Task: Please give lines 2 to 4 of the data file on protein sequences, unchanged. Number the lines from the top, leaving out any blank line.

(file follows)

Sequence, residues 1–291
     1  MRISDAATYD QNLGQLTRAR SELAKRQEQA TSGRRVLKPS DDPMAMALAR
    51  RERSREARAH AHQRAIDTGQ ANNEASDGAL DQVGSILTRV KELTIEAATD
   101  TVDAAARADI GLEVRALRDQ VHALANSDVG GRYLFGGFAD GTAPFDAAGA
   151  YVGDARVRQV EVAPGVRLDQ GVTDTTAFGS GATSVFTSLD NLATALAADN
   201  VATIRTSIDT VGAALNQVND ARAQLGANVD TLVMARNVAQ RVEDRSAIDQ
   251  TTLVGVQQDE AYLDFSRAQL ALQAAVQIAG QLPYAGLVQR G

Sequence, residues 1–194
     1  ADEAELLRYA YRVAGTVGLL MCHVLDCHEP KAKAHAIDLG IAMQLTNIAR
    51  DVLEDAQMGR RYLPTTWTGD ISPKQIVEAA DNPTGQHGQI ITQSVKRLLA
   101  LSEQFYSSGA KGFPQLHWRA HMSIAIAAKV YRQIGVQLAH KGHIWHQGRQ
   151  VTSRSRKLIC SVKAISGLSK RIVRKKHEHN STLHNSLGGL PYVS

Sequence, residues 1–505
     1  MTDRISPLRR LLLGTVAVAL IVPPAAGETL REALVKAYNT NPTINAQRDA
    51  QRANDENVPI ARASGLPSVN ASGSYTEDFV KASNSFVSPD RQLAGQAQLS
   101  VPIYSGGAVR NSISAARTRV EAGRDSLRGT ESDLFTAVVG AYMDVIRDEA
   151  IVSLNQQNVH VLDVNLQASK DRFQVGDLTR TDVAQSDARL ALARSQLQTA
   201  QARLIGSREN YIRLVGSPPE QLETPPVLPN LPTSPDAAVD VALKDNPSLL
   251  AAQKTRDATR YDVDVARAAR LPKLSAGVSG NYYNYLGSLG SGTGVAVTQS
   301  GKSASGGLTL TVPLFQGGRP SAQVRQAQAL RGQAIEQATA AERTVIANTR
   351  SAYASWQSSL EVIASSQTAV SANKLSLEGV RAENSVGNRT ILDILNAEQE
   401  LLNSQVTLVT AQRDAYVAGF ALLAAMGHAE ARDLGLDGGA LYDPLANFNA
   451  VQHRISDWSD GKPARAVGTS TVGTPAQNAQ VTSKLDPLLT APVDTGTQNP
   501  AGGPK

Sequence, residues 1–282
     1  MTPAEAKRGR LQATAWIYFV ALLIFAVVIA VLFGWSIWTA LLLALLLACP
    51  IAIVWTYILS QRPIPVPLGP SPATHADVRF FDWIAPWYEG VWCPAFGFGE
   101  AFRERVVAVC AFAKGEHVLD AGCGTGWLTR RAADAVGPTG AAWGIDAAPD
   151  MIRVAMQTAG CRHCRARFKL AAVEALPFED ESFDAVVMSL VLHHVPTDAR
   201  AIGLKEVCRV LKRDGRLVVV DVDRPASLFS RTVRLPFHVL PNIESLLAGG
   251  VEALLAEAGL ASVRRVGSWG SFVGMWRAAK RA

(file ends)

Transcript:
     1  MRISDAATYD QNLGQLTRAR SELAKRQEQA TSGRRVLKPS DDPMAMALAR
    51  RERSREARAH AHQRAIDTGQ ANNEASDGAL DQVGSILTRV KELTIEAATD
   101  TVDAAARADI GLEVRALRDQ VHALANSDVG GRYLFGGFAD GTAPFDAAGA